-   The Victim Crisis Assistance & Referral Services, a community-
        response program, provides immediate on-site service to victims of
        crime or disaster, 24 hours a day, seven days a week. The government
        invests more than $6 million per year in this program, which operates
        in 41 communities across Ontario, and served more than 68,000 victims
        provincewide last year alone.

    -   The Domestic Violence Court Program provides victims of domestic
        violence with support from specially trained Crown attorneys,
        Victim/Witness Assistance Program staff, police, Partner Assault
        Response programs, language interpreters and other service providers.
        The government invests $22 million per year in this program, which
        had been expanded to all 54 court districts by the end of 2006. It is
        the most comprehensive program of its kind in Canada.

    -   A dedicated 12-member victim-witness assistance team is now in place
        as part of the McGuinty government's $51 million package of
        initiatives to fight gun and gang-related crime. This team works with
        the Guns and Gangs Task Force to help address the unique needs and
        circumstances of victims and witnesses of gun violence.

    -   The province is committing $15 million over three years to the
        Community Grant Program. This program funds time-limited projects
        across Ontario that address gaps in supports and services to victims.
        All projects must directly benefit victims to be eligible for
        funding. Sixty-nine projects across the province are being funded by
        the program in 2006-07.

    -   The province invests $13 million per year in Ontario's 38 Sexual
        Assault/Rape Crisis Centres, currently operating in 30 communities.

    -   The Bail Safety Pilot Project, in 10 Ontario locations, provides for
        specially trained teams of Crown counsel, victim services staff and
        police to conduct in-depth interviews with victims of domestic
        violence at the bail stage, because this is a time of high risk for
        victims. The project is receiving approximately $11 million over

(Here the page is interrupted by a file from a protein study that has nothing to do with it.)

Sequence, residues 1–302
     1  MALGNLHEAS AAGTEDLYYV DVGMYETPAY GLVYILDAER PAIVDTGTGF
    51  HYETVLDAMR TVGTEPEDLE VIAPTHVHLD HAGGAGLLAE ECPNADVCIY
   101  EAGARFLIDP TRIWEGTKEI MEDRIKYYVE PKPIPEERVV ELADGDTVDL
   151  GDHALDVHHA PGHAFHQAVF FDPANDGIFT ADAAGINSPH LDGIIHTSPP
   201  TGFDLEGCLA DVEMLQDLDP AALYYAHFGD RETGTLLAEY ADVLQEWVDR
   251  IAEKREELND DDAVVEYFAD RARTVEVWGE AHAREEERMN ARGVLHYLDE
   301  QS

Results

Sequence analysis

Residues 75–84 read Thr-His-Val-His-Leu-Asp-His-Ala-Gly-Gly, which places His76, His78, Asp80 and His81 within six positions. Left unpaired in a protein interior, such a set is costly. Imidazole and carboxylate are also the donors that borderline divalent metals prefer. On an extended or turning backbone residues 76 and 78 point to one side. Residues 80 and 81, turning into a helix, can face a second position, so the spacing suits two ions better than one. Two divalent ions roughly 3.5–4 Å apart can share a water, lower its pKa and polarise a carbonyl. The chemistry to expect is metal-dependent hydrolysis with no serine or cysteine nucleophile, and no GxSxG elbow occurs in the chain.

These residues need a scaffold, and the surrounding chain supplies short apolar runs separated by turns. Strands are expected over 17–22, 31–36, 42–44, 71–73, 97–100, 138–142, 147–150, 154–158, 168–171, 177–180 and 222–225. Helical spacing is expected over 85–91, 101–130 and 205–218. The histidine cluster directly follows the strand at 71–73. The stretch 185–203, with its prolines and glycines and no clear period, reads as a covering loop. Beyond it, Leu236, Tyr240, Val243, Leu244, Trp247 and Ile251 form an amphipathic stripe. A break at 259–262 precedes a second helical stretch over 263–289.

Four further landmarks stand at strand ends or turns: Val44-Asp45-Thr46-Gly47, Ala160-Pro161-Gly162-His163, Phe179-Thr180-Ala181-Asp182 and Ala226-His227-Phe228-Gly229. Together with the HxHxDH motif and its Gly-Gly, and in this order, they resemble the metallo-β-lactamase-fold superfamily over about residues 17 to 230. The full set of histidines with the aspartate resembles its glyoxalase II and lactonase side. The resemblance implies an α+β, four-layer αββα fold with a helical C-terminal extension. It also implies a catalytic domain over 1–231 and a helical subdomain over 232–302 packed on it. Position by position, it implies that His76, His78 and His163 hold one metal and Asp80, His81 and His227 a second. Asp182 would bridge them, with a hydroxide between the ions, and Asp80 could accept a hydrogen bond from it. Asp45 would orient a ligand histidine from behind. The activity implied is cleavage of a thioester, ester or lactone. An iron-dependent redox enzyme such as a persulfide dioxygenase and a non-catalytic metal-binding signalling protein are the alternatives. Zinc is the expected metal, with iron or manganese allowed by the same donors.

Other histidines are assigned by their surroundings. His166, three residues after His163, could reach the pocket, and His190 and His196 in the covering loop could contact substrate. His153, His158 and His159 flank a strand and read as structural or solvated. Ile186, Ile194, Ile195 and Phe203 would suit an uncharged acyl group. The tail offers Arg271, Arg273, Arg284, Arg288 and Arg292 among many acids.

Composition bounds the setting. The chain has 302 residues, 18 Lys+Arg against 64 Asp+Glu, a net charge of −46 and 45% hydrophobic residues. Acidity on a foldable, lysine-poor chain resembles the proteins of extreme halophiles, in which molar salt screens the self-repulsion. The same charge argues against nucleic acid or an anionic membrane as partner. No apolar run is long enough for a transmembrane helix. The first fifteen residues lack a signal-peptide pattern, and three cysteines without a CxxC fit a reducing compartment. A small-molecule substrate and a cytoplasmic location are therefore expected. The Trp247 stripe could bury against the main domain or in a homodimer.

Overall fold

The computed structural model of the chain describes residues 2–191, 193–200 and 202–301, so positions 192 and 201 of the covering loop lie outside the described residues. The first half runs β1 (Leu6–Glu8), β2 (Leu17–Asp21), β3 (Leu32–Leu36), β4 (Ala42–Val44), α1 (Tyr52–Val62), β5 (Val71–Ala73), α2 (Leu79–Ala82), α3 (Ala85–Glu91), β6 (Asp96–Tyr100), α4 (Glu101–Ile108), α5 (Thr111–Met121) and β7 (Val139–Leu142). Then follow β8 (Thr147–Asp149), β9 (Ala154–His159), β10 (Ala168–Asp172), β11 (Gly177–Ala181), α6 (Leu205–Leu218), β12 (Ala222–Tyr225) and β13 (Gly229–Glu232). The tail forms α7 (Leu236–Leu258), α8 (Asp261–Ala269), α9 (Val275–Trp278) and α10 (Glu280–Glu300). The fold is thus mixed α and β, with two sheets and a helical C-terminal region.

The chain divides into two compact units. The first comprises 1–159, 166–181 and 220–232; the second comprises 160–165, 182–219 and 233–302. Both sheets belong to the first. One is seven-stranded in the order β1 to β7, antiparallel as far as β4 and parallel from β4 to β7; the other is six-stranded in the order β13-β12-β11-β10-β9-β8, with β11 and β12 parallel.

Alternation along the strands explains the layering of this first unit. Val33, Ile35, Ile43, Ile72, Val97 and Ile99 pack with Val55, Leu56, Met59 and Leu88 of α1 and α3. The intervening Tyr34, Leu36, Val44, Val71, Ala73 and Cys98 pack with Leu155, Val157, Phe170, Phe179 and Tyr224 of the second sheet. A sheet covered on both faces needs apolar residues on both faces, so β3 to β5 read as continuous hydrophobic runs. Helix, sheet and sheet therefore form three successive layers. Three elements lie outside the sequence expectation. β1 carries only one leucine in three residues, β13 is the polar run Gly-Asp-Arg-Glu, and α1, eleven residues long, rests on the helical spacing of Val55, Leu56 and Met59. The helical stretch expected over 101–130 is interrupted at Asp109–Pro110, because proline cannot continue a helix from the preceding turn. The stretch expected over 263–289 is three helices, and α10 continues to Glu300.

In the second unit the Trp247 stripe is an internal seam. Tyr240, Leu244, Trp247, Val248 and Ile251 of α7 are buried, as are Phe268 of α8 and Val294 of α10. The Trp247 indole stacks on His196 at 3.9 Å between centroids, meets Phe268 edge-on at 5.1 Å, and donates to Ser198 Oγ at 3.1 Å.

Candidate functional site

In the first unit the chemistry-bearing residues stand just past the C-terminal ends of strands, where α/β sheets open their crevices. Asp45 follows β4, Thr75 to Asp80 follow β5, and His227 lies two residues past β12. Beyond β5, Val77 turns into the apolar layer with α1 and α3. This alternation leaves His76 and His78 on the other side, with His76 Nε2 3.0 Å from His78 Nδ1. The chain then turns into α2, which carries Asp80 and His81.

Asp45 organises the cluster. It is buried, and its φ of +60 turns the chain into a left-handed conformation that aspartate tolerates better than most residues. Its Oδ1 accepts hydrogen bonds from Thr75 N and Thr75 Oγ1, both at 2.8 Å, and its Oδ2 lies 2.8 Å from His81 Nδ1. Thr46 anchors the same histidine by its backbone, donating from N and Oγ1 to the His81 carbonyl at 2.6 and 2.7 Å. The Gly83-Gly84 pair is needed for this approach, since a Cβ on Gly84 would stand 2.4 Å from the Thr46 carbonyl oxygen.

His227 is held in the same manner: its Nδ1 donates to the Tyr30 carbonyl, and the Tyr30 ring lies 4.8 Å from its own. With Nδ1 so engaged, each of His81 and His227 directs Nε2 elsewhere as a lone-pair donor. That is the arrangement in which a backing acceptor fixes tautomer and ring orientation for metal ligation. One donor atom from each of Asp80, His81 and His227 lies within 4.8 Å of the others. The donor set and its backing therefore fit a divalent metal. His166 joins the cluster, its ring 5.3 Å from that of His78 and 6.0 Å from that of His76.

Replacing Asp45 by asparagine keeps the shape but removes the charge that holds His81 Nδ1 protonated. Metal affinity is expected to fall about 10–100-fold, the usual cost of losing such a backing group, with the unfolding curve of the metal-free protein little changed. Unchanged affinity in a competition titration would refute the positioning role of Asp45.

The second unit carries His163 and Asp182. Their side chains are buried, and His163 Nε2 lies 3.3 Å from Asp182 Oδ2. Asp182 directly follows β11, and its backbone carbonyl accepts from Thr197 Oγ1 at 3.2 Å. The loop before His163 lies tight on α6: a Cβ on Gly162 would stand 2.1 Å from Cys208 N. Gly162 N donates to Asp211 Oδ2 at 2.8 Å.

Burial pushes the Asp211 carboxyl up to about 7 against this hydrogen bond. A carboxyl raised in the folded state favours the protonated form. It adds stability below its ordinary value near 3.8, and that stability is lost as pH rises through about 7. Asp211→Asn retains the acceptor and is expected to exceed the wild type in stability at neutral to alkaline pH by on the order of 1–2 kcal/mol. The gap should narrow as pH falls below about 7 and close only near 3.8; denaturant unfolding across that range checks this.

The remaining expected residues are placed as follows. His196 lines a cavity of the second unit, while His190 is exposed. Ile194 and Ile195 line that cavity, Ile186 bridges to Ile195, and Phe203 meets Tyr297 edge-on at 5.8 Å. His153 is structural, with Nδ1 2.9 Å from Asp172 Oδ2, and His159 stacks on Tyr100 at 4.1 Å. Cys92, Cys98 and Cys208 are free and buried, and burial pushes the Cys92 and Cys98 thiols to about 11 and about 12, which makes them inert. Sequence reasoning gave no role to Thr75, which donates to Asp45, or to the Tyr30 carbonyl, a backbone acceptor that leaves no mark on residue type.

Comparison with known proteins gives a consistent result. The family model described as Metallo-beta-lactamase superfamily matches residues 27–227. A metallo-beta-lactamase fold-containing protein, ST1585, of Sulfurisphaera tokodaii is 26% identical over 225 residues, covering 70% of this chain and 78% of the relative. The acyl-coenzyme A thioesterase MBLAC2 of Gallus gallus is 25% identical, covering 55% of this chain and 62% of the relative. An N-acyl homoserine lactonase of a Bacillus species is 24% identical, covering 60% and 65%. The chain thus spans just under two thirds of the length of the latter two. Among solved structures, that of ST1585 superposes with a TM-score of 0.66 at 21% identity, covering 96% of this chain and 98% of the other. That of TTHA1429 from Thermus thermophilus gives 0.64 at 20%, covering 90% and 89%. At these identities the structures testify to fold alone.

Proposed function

three years to help identify high-risk situations, allowing Crown
        attorneys to make better recommendations at bail hearings, to help
        stop the cycle of violence.

    -   A $5 million Internet child anti-pornography and anti-luring strategy
        is being implemented to offer support to victims and refer them to
        appropriate community services. It includes:

        -   an undercover team of municipal police officers working online to
            identify suspects and victims, and prevent further victimization
        -   dedicated Crown prosecutors to ensure a uniform level of
            excellence with respect to victim support and prosecution
        -   victim support to ensure that identified victims are connected
            with the specialized services they need.

    -   The government established the Hate Crimes Community Working Group,
        which tabled more than 80 recommendations aimed at improved services
        to victims of hate crimes and preventing further victimization. An
        inter-ministerial team has been struck to consider the
        recommendations and plan the investment of $1.3 million to help
        strengthen Ontario communities by taking action against hate crimes.

    -   A northern victim services expansion project receives annual funding
        of more than $1.5 million to provide programs and services for
        victims of crime, suited to the local needs of victims in five
        northern communities - Kapuskasing, Greenstone, Michipicoten,
        Marathon/Manitouwadge and Fort Frances.

    -   The Nishnawbe Aski Nation is receiving more than $700,000 over three
        years to provide services to male victims in northern Aboriginal
        communities who have suffered sexual abuse.

    -   The Victim Support Line is a free provincewide information line
        providing services in English and French. This program provides
        services including referrals to community agencies, information on
        the criminal justice system and access to information about the
        status and scheduled release date of provincially incarcerated

    -   The Barbra Schlifer Commemorative Clinic is a multi-service agency
        for female victims of violence. The Ministry of the Attorney General
        funds a specialized legal service for assaulted women at the clinic.

    -   The SupportLink Program provides victims of domestic violence, sexual
        assault and stalking with intensive safety planning and 911-
        programmed cell phones in 20 Ontario locations.

    -   Child Victim/Witness Centres in three Ontario communities offer court
        assistance to thousands of children who are victims or witnesses of
        violent crime each year.

    Other McGuinty government initiatives to help victims and to prevent
victimization include the following:

    -   Committing $5.9 million to train front-line workers, professionals,
        neighbours, friends and families across Ontario to recognize the
        signs of abuse, and help women and children get the supports they

    -   Developing CYBERCOPS software for Grade 7 and 8 students in Ontario
        schools, to help cyber-proof children against cyber-stalking, child
        pornography and Internet luring

    -   Investing $4 million over two years in the Employment Training Pilot
        Program to help women who are victims of domestic violence, or at
        risk, develop new skills, find employment and achieve economic

    Disponible en français


For further information:

For further information: Greg Crone, Minister's Office, (416) 326-1785;
Brendan Crawley, Ministry of the Attorney General, Communications Branch,
(416) 326-2210